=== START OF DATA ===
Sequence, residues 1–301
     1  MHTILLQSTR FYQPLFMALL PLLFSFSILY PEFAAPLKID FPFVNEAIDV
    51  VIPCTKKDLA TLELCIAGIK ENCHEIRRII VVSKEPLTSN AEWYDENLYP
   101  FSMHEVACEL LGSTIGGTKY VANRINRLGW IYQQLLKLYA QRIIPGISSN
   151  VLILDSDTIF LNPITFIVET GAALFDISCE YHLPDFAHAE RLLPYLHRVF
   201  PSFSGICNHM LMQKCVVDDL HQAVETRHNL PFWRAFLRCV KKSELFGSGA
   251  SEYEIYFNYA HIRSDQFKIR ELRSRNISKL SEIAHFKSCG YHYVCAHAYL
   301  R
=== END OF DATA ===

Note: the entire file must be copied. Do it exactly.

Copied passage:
Sequence, residues 1–301
     1  MHTILLQSTR FYQPLFMALL PLLFSFSILY PEFAAPLKID FPFVNEAIDV
    51  VIPCTKKDLA TLELCIAGIK ENCHEIRRII VVSKEPLTSN AEWYDENLYP
   101  FSMHEVACEL LGSTIGGTKY VANRINRLGW IYQQLLKLYA QRIIPGISSN
   151  VLILDSDTIF LNPITFIVET GAALFDISCE YHLPDFAHAE RLLPYLHRVF
   201  PSFSGICNHM LMQKCVVDDL HQAVETRHNL PFWRAFLRCV KKSELFGSGA
   251  SEYEIYFNYA HIRSDQFKIR ELRSRNISKL SEIAHFKSCG YHYVCAHAYL
   301  R